There will be a conference about languages, compilers, interpreters and
so on, in Portugal. It is an "international" conference, or at least
they claim so. It's page is at http://corta.di.ubi.pt/ and the call for
papers is at http://corta.di.ubi.pt/cfp.html.
This is not a *known* conference, but I think that if someone has the
time to do it, it would be a good opportunity for a first "scientific"
publication about parrot.
What I really mean: Parrot is great (and I know it, it has some C and
Perl lines written by me), there is a lot of involvement from the
community, but it is lacking some involvement with universities and the
scientific community. I think both communities would gain if Parrot
start being used in Universities (to teach, to propose projects, etc,
etc). Leo had that same idea... The best way to start this wedding, is
to write anything about parrot internals. At least, that is my idea.
I can't offer to help writing it (unfortunately). I can help (if the
paper is accepted) with accommodation in Portugal for the speaker (I
think we can manage APPP (perl.pt) to help).
Ok, challenge done. Now it is your turn.
Alberto Simões - Departamento de Informática - Universidade do Minho
Campus de Gualtar - 4710-057 Braga - Portugal
> This is not a *known* conference, but I think that if someone has the
> time to do it, it would be a good opportunity for a first "scientific"
> publication about parrot.
> What I really mean: Parrot is great (and I know it, it has some C and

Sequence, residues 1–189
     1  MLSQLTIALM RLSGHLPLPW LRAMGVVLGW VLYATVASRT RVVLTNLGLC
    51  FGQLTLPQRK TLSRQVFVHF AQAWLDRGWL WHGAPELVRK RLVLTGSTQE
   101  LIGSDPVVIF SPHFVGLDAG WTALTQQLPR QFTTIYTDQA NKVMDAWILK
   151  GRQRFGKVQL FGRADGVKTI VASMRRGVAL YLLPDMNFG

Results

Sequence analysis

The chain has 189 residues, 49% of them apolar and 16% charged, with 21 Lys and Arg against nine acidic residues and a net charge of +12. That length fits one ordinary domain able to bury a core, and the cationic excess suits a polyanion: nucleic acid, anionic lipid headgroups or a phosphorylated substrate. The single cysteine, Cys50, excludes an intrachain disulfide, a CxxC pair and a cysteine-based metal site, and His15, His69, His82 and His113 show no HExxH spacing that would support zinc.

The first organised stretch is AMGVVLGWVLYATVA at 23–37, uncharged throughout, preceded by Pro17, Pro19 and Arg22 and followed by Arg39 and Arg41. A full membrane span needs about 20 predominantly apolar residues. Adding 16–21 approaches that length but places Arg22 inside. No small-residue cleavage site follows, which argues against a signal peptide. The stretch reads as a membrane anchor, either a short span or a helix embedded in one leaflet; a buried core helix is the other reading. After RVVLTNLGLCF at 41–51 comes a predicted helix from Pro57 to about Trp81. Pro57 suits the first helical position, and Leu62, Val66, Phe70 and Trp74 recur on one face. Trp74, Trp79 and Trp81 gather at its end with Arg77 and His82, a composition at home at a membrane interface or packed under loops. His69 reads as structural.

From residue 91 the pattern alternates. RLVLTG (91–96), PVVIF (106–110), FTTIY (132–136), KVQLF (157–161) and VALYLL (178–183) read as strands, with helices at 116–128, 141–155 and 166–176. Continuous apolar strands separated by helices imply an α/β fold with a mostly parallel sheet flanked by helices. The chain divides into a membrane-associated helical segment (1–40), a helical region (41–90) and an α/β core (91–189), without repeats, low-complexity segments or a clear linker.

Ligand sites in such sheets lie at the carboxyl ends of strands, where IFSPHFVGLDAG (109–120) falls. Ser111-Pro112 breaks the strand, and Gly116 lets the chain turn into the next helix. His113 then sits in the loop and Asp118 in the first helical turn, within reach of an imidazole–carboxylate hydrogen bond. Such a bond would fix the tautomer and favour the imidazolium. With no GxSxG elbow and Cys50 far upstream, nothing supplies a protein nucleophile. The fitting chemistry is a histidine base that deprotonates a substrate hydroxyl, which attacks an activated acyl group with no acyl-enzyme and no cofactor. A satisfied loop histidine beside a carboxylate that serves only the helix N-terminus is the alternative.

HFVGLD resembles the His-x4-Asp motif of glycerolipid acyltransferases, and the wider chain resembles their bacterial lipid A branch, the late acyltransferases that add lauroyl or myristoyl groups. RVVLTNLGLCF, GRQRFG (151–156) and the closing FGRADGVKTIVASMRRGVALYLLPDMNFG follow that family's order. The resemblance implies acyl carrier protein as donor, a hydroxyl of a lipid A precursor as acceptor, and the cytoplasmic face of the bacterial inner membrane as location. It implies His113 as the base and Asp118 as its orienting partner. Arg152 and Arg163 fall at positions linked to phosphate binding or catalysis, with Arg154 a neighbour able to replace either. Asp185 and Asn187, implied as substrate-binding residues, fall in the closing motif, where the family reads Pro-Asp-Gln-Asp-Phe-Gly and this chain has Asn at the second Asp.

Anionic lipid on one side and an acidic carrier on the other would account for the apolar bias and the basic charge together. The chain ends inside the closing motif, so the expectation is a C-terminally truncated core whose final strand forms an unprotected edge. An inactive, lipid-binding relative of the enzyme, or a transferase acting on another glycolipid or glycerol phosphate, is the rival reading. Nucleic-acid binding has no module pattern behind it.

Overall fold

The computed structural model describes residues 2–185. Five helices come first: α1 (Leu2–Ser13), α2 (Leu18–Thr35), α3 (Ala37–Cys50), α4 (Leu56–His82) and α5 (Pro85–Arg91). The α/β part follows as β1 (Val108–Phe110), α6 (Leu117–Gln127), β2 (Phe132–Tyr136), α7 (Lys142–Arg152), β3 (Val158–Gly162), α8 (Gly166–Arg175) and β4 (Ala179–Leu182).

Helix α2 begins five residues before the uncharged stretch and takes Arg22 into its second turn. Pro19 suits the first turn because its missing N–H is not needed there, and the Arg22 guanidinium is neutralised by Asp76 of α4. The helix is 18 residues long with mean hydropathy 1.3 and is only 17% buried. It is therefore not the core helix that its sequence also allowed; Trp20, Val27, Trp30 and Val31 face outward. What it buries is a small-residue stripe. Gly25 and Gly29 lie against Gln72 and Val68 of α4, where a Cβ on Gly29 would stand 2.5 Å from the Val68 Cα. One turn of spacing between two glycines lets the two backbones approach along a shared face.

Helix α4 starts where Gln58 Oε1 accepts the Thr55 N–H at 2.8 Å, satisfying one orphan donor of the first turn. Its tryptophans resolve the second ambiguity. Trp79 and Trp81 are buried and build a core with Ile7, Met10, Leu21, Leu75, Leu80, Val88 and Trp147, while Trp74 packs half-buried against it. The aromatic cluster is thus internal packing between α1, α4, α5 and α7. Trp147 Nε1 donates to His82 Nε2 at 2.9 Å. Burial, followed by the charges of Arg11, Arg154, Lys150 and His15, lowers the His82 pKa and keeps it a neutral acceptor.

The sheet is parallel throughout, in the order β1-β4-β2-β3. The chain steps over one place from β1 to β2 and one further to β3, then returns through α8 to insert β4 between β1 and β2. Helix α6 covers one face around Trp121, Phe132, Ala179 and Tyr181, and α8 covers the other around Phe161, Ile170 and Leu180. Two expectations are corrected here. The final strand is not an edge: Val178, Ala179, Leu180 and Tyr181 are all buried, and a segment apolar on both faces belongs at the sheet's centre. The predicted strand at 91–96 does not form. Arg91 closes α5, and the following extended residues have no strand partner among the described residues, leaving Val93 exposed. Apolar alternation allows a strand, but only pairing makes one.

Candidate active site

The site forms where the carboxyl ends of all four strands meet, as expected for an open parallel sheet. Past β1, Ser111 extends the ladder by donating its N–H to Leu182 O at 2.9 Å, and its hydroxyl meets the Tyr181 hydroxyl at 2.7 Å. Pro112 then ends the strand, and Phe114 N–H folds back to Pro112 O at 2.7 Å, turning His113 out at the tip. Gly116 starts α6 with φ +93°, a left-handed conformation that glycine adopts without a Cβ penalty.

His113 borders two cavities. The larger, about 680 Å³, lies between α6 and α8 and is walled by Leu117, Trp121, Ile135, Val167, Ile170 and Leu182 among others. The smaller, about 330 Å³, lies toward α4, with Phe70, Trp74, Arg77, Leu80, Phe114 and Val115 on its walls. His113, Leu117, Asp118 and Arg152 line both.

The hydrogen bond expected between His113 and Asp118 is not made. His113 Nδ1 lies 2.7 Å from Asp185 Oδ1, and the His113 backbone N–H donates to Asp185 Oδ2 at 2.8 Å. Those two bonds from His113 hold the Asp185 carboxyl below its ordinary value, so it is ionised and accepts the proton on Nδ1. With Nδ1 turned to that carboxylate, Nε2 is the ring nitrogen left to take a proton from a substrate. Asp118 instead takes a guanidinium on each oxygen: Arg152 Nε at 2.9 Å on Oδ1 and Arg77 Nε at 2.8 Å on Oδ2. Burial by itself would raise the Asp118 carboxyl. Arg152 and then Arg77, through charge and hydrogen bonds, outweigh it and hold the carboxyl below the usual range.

> Perl lines written by me), there is a lot of involvement from the
> community, but it is lacking some involvement with universities and
> the scientific community. I think both communities would gain if
> Parrot start being used in Universities (to teach, to propose
> projects, etc, etc). Leo had that same idea... The best way to start
> this wedding, is to write anything about parrot internals. At least,
> that is my idea.
I have presented Parrot in an academic setting before - namely, at the
Cambridge Programming Research Group (Cambridge uni's folks who do
research into programming languages stuff). It was hard work, though the
feedback I got was that it was somewhat interesting to them.
The most stupid thing was the guy who made the "where are the formal
semantics" comment, and seemed willing to disregard or poke fun at
Parrot and Perl 6 as a result of it not having any. At the time I didn't
know how stupid his comment was. My assumption from this statement was
that we had formal semantics for a whole range of languages in common
use. Having been at POPL this year, I found the reality is more like,
bits of languages that are liked in academia have been formalized. Oh,
and lots of calculi, which are really more like assembly languages than
HLLs, though I use assembly in a pretty loose "it's something Turing
complete that I guess you could compile to" sense. In fact, folks were
there presenting their work on a mechanized semantics for Standard ML if
I remember correctly, and I got the impression this was the first work
towards giving any large language mechanized formal semantics (as in,
that you can check on a computer or do proofs with using a theorem
prover to assist). So while people are willing to say "where's the
formal work", it doesn't seem to exist for languages that people are
using to solve real problems. I'd love to be corrected on this, but it
seems like this is the case.
I too would really love to see the gap bridged and I certainly don't
want to discourage anyone from giving a talk at this conference - had I
been available, I may have offered myself. But I hope this is a hint to
anyone who does, as to one thing they might get asked about. Guess it
depends how much of an idea the audience has about the way things work
in The Real World. I was talking to a pretty theory-centric group, after
all. I'm certainly happy to review whatever anyone produces for this.